Sunday, 4 October 2015

On The Origin Of Enamel

The white layer of the tooth is the enamel
Teeth are nothing without enamel. At the centre is a cavity filled with soft pulp and nervous tissue. The enamel - the hardest substance produced by the human body - is what gives teeth their bite.

The mineral portion of enamel, hydroxyapatite, is similar to that found in bone. It is deposited on a matrix of three unique proteins. The hydroxyapatite, in conjunction with the protein matrix is what makes enamel so tough.

But where did it come from? Palaeontological studies have shown that teeth originated as scales which later migrated inside; while the jaw derived from the gill arches in once jawless fish. Yet scales do not have a covering of enamel.

Certain types of living archaic fish, such as the gar, have dermal denticles. These are tooth-like scales which have a covering of ganoine. This is tough and mineralised. The protein component of ganoine contains two out of the three proteins found in our own enamel, suggesting that the two substances are closely related. Palaeontological studies have shown that ganoine was once much more prevalent in bony fish. Genes for enamel-like substances are expressed in the mouth and in the skin of fish with dermal denticles. So did enamel originate in the mouth, the skin or both?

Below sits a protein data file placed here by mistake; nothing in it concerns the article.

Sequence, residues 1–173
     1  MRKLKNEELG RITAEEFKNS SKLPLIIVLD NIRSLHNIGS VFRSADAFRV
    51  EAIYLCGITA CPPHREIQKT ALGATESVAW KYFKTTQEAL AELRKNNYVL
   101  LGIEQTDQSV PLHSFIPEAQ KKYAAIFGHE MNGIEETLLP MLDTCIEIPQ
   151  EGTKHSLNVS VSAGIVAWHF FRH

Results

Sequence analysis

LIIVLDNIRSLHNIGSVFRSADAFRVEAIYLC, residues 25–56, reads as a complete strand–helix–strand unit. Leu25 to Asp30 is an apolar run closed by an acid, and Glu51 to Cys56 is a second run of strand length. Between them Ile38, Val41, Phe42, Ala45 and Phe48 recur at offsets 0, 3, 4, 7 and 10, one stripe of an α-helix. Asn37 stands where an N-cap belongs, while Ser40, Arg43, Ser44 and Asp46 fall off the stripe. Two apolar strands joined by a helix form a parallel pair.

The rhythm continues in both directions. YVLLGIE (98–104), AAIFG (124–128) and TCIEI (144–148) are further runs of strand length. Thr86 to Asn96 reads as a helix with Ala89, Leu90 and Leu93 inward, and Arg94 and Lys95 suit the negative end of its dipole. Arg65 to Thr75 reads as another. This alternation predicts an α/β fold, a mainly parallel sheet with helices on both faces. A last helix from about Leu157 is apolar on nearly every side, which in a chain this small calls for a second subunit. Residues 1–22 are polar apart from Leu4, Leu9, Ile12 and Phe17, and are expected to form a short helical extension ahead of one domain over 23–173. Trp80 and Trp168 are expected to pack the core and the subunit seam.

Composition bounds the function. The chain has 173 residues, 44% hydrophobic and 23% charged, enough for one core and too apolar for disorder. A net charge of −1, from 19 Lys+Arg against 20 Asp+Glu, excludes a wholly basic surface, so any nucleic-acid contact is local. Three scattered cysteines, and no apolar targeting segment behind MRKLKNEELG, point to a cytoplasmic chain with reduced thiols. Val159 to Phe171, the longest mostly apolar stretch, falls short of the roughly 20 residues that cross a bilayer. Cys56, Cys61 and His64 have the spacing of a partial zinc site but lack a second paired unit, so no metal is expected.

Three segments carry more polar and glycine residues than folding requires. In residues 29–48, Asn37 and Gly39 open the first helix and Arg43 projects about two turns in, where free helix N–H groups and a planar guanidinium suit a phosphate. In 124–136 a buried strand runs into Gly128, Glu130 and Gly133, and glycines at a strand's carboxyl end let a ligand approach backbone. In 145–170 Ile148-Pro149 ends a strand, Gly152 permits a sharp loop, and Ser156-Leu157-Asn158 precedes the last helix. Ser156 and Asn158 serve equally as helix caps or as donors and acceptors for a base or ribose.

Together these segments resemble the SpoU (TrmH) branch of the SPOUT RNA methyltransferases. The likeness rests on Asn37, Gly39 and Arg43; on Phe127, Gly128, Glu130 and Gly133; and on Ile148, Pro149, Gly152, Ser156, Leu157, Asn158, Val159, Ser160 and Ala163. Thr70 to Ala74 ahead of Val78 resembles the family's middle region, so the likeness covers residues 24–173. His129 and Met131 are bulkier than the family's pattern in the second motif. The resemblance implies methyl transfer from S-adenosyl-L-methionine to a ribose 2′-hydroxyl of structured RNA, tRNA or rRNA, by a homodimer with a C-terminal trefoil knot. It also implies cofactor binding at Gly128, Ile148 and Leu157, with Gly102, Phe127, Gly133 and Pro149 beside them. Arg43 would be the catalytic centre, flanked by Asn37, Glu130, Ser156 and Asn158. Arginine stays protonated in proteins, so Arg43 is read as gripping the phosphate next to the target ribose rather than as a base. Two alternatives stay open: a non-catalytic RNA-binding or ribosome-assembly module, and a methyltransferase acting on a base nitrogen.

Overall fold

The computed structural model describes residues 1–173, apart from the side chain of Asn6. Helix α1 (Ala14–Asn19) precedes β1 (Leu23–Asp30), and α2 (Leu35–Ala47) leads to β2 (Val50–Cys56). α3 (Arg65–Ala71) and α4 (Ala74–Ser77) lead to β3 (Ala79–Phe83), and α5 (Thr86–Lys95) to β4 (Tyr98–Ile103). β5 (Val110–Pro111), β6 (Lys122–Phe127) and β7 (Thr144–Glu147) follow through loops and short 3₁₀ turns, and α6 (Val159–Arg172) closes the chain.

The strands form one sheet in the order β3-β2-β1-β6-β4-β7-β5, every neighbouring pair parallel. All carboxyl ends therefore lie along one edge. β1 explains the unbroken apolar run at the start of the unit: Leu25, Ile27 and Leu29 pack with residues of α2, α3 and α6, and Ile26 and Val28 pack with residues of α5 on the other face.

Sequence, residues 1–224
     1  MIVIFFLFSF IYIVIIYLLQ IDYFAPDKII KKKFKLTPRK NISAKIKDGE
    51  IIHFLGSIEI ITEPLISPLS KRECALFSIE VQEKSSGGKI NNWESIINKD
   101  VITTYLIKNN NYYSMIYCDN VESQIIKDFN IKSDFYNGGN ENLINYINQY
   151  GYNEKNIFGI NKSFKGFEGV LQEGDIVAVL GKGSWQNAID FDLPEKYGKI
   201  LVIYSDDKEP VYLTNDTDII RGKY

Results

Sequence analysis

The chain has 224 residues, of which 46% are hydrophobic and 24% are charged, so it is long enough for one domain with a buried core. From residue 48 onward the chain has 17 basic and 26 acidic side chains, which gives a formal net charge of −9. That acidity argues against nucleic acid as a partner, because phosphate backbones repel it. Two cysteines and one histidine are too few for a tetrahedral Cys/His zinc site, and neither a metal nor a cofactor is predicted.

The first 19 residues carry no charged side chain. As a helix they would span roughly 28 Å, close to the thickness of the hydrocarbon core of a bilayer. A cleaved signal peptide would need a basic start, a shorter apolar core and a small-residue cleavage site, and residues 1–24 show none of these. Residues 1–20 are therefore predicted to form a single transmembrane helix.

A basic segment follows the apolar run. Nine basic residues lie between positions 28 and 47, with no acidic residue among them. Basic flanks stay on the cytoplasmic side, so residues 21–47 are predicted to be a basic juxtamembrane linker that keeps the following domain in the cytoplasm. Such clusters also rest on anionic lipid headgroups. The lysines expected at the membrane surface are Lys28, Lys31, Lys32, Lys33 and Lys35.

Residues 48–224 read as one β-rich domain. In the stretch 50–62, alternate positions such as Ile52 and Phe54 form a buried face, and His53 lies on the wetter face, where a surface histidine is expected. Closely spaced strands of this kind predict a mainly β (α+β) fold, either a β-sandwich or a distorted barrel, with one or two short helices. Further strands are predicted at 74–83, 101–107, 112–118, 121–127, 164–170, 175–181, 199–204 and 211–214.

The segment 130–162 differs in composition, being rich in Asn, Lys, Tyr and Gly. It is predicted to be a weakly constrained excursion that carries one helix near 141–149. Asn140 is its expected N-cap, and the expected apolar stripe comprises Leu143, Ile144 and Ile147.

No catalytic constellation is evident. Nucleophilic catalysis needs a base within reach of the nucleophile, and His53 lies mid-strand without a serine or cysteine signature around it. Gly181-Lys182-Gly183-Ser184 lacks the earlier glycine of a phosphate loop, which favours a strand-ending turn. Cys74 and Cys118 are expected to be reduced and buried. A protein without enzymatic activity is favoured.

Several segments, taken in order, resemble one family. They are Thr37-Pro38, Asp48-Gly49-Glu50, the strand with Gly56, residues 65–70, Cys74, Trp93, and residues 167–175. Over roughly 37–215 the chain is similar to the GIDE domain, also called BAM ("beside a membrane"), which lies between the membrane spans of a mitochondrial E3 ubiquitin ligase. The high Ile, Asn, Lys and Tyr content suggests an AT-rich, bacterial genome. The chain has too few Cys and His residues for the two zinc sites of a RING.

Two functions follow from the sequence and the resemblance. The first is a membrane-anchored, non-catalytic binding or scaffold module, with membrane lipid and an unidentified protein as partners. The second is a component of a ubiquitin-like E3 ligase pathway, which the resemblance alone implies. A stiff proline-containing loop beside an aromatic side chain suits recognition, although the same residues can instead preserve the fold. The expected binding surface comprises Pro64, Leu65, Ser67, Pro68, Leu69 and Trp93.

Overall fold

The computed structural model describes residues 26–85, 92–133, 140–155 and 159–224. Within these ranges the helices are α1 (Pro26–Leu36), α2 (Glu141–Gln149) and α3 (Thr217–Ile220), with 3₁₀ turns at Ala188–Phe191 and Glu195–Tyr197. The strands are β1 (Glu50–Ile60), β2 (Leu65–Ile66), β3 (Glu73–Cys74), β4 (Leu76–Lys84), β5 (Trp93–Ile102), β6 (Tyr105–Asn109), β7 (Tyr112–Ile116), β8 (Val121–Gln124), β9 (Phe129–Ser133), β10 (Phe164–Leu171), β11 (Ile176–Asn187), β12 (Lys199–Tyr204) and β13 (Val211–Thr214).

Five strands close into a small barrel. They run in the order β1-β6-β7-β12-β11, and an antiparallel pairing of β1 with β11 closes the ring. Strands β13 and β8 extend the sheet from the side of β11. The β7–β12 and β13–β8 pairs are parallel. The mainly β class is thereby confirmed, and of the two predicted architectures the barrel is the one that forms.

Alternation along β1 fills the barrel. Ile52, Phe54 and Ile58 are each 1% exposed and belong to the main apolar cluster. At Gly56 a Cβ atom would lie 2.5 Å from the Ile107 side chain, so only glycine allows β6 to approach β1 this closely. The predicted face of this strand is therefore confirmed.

An artist's impression of Psarolepis
A recent study focusing on two fossil fish provides an answer. The two species are Psarolepis from China and Andreolepis from Sweden, the former a lobe-finned fish, the latter a ray-finned fish.

In Psarolepis the scales and the denticles of the face are covered with enamel, but there is no enamel on the teeth. In Andreolepis only the scales are covered in enamel.

'Psarolepis and Andreolepis are among the earliest bony fishes, so we believe that their lack of tooth enamel is primitive and not a specialisation. It seems that enamel originated in the skin, where we call it ganoine, and only colonised the teeth at a later point,' said Per Ahlberg from Uppsala University.

This is the first study to combine palaeontological and genetic data to investigate the origin of a particular tissue. The research group responsible for the study have stated that they plan to use the same approach to investigate the origin of other tissues. The science of evolutionary development can reveal the origin of broad patterns of evolution and of high level structures like body plans, but it can equally provide insight into the development of more specific structures.